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Gaming peripherals that combine simplicity, functionality and affordability are a bit like people who can rattle off all 50 states: cool when you can find them, but not that common. The Turtle Beach Ear Force PX22 ($80), however, is a gaming headset that sounds great, feels comfortable, connects with just about any system and costs less than any of its competitors. For competitive gamers, single-player aficionados or just those who don't want to keep their significant others up late at night, the Ear Force PX22 is a capable, attractive and inspired choice.
If you've come across the Turtle Beach Ear Force X12, the PX22 will not appear very different. This peripheral is available in either black and white (there are no cool camo patterns this time around, unfortunately), and has a pretty no-frills design. It has large, padded ear cups, a padded headband and a ridiculously long cord — good for consoles and living room setups, potentially overkill for gaming nooks.
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As with the X12, the PX22's microphone deserves special mention — I've never seen another like it. The microphone is located at the end of a flexible metal arm, and the arm itself is attached to a rotatable nub. Most gaming headset mics are either rotatable or bendable, but not both. This design, unique to Turtle Beach headsets, gives users an unprecedented level of control over mic placement.
The headset also includes an inline amplifier, which controls features like treble and bass levels, mic settings and phone connectivity. It's small and mostly unobtrusive, although it does require USB power to function. The good news is that, unlike the Ear Force X12, USB power is optional. If you'd rather plug the headset into a mobile device or handheld console, you can simply unplug the main audio jack from the inline adapter. It's an elegant solution to a notable flaw in the less expensive model.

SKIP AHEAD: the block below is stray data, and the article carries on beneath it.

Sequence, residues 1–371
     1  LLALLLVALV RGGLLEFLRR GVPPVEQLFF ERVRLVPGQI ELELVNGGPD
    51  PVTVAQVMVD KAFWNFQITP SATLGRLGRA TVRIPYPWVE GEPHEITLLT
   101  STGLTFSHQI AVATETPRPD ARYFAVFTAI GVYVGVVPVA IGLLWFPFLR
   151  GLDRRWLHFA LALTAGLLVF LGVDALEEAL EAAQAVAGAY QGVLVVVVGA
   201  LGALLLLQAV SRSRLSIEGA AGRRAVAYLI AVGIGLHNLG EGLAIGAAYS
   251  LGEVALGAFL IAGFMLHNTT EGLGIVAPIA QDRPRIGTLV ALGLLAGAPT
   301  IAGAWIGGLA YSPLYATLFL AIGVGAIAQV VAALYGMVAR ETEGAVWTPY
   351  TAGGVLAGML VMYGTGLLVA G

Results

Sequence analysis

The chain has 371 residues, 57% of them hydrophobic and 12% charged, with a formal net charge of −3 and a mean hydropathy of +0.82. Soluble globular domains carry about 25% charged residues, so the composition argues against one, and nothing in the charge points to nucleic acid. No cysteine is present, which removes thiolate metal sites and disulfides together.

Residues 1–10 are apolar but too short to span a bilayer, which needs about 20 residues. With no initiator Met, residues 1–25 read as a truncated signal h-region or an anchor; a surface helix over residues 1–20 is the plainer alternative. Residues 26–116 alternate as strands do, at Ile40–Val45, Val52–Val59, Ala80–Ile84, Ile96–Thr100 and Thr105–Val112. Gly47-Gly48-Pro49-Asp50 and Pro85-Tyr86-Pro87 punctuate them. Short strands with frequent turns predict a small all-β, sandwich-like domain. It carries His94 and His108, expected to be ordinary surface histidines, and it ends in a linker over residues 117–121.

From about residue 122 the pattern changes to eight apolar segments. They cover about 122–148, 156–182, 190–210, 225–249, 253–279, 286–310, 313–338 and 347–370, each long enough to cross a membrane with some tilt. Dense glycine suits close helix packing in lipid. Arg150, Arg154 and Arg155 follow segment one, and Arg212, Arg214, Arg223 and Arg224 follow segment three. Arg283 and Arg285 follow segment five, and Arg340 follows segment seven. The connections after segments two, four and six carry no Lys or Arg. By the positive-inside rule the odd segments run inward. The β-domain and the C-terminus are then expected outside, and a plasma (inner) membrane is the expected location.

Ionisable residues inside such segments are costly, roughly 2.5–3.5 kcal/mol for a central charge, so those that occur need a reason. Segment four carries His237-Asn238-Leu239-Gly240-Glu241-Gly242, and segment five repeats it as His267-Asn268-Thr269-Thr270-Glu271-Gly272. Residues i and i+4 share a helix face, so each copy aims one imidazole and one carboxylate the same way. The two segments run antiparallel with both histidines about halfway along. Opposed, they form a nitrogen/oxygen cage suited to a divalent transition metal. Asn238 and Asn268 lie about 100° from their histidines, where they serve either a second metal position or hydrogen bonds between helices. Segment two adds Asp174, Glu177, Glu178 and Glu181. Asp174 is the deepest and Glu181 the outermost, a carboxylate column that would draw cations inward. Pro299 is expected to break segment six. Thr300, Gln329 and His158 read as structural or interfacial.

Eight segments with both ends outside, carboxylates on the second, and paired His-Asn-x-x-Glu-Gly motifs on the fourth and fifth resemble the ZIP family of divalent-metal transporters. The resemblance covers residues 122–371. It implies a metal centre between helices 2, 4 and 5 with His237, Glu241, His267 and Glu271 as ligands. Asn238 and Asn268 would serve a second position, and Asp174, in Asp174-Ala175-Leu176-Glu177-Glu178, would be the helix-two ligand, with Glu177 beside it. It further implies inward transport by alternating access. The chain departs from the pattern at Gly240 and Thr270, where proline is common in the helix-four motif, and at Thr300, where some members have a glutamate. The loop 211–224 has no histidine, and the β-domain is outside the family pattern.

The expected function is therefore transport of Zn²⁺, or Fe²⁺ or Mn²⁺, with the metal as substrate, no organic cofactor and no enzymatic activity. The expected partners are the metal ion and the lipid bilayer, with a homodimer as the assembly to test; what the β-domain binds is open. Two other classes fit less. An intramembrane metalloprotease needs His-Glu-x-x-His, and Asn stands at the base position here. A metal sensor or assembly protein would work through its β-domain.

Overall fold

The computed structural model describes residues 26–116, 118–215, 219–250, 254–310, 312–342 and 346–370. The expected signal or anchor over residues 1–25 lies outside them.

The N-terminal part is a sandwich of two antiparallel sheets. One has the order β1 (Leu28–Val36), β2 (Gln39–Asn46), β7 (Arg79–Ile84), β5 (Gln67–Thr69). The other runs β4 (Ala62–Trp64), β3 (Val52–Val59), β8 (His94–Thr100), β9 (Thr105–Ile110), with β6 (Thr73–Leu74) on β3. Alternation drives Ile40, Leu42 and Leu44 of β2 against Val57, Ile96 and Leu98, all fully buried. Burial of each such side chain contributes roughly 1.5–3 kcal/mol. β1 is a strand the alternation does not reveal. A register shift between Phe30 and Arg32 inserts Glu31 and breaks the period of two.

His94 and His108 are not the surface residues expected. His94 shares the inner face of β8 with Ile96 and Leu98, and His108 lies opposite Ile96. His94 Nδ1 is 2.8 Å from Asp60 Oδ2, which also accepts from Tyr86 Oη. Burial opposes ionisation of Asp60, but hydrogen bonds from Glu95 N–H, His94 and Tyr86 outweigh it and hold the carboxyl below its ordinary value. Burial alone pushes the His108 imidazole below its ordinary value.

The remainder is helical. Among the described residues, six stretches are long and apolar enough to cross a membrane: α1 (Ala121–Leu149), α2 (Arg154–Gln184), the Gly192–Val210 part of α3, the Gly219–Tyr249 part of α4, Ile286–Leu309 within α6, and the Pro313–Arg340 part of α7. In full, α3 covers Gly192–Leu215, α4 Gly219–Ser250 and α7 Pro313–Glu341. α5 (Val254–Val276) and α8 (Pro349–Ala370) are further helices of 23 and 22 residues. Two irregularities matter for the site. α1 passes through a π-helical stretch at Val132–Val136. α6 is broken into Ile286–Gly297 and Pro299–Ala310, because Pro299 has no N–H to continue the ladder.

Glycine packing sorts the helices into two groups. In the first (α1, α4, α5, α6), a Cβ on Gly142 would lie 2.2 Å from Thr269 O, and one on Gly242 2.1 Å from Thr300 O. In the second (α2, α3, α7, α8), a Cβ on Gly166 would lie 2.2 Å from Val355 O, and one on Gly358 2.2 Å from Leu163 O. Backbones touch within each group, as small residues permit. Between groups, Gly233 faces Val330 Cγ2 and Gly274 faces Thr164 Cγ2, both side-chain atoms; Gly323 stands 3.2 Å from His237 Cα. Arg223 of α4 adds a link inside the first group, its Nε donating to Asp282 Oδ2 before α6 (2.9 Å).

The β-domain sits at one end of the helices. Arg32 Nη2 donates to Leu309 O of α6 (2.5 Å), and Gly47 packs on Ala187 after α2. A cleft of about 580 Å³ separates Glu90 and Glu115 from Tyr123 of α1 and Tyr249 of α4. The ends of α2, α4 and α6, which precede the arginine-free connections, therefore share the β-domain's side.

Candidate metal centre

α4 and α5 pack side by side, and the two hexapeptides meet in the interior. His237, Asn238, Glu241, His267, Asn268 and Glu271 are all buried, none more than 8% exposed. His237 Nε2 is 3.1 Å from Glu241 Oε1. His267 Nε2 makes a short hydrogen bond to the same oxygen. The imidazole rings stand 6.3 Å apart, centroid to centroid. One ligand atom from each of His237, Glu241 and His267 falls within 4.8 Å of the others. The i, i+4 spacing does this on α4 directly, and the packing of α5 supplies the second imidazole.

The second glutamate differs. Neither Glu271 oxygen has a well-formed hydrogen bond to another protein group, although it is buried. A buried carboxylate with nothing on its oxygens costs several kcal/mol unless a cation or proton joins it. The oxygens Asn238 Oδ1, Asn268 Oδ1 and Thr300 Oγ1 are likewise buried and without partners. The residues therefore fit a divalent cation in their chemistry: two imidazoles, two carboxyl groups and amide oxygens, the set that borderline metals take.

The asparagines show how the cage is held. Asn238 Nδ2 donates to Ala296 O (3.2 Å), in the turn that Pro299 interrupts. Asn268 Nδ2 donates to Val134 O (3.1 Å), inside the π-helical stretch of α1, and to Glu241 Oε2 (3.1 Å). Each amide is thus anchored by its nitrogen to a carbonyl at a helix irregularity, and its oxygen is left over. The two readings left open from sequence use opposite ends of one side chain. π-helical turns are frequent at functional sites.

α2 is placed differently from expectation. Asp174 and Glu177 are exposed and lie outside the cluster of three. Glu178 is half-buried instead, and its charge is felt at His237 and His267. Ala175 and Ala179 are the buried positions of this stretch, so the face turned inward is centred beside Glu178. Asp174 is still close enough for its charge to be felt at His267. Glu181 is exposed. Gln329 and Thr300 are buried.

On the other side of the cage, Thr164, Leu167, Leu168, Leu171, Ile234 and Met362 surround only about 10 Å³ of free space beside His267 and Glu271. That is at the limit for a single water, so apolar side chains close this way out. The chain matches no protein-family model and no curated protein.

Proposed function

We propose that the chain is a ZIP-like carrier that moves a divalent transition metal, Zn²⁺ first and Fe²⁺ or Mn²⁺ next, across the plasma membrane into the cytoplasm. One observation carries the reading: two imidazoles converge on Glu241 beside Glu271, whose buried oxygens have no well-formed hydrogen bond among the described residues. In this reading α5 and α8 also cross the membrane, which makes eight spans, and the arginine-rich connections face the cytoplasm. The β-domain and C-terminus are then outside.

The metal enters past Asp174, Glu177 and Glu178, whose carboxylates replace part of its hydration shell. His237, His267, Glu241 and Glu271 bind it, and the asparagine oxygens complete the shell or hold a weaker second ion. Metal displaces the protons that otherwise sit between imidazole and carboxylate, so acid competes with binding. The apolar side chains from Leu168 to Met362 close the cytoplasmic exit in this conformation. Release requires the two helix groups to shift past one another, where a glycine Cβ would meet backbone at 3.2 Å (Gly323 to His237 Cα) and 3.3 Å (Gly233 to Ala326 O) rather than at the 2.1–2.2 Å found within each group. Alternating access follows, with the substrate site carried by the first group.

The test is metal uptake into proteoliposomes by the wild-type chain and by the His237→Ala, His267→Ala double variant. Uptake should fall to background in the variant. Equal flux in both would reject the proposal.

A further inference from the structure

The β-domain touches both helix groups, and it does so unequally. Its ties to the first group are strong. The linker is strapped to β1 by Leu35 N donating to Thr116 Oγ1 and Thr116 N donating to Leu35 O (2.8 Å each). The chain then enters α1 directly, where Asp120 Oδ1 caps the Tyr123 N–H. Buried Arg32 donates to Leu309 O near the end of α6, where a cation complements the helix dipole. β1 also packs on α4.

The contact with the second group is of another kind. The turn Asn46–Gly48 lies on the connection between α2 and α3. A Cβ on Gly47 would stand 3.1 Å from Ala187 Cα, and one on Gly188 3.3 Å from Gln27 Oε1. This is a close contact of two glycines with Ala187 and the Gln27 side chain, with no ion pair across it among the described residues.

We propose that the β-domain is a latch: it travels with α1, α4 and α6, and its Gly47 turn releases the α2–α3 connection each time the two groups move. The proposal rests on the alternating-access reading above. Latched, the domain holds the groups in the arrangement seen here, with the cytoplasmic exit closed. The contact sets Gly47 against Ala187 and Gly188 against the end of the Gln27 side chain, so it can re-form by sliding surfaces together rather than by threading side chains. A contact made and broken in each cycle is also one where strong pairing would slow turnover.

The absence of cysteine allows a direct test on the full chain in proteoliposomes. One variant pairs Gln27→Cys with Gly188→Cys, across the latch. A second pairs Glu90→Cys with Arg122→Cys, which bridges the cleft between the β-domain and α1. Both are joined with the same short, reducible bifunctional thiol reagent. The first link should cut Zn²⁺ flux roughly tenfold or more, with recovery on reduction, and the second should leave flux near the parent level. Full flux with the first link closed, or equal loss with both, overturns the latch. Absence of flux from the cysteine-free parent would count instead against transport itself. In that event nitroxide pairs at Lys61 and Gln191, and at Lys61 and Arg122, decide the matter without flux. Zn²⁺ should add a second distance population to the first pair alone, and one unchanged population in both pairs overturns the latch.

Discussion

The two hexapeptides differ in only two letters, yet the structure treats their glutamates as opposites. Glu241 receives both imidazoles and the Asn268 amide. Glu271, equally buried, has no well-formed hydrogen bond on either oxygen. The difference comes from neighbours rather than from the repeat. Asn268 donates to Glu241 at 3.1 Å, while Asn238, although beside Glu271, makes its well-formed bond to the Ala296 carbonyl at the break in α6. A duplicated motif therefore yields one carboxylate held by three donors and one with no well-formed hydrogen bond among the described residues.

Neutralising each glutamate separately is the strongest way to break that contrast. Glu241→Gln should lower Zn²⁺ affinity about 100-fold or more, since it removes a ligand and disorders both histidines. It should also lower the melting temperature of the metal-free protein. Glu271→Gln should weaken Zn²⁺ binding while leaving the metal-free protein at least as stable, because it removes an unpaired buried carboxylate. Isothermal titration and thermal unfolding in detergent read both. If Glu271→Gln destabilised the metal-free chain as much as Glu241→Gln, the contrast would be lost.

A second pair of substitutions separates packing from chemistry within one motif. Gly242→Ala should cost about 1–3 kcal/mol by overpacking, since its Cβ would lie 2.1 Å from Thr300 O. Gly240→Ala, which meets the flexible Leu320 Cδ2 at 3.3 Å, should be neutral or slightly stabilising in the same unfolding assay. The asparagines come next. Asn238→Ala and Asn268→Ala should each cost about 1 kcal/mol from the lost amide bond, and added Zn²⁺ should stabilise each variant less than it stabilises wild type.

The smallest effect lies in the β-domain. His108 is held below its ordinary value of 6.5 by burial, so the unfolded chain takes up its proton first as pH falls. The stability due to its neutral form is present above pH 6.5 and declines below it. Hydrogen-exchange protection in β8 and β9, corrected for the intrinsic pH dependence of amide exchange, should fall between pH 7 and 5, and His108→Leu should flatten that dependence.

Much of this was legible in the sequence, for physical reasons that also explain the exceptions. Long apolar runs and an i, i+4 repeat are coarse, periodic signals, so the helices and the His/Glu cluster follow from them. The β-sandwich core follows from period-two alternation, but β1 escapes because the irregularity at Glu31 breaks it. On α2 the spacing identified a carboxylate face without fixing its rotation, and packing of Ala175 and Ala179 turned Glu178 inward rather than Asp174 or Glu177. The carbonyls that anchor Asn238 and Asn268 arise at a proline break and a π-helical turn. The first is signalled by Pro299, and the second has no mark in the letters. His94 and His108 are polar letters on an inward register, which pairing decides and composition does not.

Like the Ear Force X12, the PX22 is comfortable to wear for hours on end. There's plenty of padding, and the ear cups are both big and soft enough to fit just about any head size, even if you have lots of hair or thick glasses. The ear cups swivel, and the headband has a lot of give. Even if you have to tinker for a bit, you should be able to find something that exerts just enough pressure to stay in one place without pressing down too hard or causing pain.
I handed the Ear Force PX22 off to a co-worker, who had a similar experience. He found them easy to wear, and told me that he could envision himself wearing them all day without any ill effects.
To test how well the Ear Force PX22 functions in-game, I took some time to play both Titanfall and Assassin's Creed Unity while wearing it. This gave me a pretty good idea of how it sounded for both competitive action titles and games where ambient noise, dialogue and orchestral soundtracks take center stage.
The peripheral performed well for both games, especially with the bass turned up. My firefight in Titanfall sounded immersive, replete with mech suits clanking at each other in frenzied melees and futuristic soldiers clambering over crumbling walls. In Assassin's Creed Unity, it was easy to make out the conversations of French townsfolk and the guttural gurgles of guards as they succumbed to Arno's hidden blade.
My only criticism — if you can call it that — was that nothing about the sound really set it apart from its competitors. The PX22 always sounds good, and often sounds great, but I couldn't point to any singular feature that really sets it apart from its peers.